Germany is mediating the row between former Ukrainian prime minister Yulia Tymoshenko and the government in Kiev over her incarceration and failing health. Tymoshenko, the leader of the Orange Revolution, has been in jail since 2011 for what Viktor Yanukovych’s government alleged was the misuse of power and overstepping her authority. Yesterday, Germany said that there were indications Ukraine was making efforts to resolve the issue. Tymoshenko’s condition in jail has attracted global concern after she alleged mistreatment in prison. The darling of the Orange Revolution once alleged that she was beaten up by prison guards and photos of her with injuries on the abdomen were circulated. As allegations and counter allegations between her and the Yanukovych government, major western powers called for her immediate release after claiming all along that the prison term awarded to her was a result of political vendetta by the government.
Tymoshenko suffers from severe backache for which she has been receiving treatment outside her prison in the city of Kharkiv. Yesterday, German Foreign Minister Guido Westerwelle held talks with Yanukovych and declared that the prospect of Tymoshenko receiving treatment in Germany remained on the table. Right from the beginning of her prison term, the Ukrainian leader refused to be treated by doctors from her country for fear of being harmed by the regime. This had become a point of contention between her and the prison authorities, which were probably following orders of their political bosses. She has always been in favour of receiving treatment from German doctors flown into the country.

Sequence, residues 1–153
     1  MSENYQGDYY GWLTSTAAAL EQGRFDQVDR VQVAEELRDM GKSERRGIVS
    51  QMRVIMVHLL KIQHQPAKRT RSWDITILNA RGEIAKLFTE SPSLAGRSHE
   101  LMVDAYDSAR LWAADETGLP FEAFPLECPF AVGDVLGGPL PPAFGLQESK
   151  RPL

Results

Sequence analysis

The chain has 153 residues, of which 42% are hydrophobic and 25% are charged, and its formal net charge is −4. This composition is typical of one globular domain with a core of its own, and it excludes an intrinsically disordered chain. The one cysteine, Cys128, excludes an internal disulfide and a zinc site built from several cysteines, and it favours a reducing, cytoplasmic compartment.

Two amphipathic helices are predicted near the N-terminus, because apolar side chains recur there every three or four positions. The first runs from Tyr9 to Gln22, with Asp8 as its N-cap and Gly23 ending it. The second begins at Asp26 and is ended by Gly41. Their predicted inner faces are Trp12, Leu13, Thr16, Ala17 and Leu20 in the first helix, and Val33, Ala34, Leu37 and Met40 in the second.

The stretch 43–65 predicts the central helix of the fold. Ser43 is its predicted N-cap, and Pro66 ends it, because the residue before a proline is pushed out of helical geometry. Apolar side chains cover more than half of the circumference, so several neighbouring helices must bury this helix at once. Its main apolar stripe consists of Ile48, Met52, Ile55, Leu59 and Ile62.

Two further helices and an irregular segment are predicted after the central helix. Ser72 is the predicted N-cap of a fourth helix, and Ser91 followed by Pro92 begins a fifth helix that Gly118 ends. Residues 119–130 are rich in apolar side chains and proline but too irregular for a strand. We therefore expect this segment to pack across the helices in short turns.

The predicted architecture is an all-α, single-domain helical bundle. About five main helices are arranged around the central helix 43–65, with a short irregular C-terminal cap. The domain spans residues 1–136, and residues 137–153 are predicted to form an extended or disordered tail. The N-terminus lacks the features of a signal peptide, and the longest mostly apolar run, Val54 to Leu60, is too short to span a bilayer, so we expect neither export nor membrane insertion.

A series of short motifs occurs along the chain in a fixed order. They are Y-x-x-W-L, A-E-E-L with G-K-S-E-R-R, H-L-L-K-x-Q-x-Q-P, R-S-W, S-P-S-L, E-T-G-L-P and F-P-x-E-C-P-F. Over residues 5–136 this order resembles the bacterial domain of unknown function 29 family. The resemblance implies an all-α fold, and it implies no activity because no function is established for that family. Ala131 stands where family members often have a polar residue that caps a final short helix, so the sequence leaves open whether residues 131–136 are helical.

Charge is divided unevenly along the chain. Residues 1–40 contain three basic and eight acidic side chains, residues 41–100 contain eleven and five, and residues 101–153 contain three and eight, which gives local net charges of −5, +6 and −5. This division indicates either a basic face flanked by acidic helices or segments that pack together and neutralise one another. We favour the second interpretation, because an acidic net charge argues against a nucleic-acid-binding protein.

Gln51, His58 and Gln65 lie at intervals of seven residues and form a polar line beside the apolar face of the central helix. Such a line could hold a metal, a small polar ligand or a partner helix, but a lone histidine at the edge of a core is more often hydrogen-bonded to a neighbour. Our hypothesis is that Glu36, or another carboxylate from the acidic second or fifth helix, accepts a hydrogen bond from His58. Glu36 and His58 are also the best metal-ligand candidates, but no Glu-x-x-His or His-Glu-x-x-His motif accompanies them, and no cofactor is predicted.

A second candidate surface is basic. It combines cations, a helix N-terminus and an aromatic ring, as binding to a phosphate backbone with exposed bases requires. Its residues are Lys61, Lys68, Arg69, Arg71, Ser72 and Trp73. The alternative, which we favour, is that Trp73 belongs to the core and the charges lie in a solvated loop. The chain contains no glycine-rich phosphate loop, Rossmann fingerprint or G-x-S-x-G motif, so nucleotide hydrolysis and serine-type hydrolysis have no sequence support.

Outside prison, her daughter has waged a campaign against the mistreatment of her mother. The rights situation in the former Soviet Republic hasn’t been the most desirable one. With Russia always breathing down Kiev’s neck to keep its influence over the nation, Ukraine finds it increasingly difficult to pivot to the West. Ukraine’s ties with Russia have seen considerable strains with Moscow blocking all imports from the country after Kiev was seen getting closer to the European Union in the wake of an agreement with Brussels.
Ukraine’s aspiration to join the European Union has put it in the firing line of the Kremlin. The Tymoshenko issue has to be seen in this perspective. If Westerwelle’s comments about the treatment of Tymoshenko point at a breakthrough in how the Ukrainian leader is treated inside jail or is sent for treatment outside the country, it may point to a softening of stand by Yanukovych against his bete noire. There was also speculation that Tymoshenko may have flown to Germany with Westerwelle.
If Kiev has realised that it needs to free or better treat Tymoshenko, Yanukovych may be looking at long term gains from the European bloc. It is in Ukraine’s interest — politically and economically — to lean towards Brussels than follow the orders of its former masters in Moscow•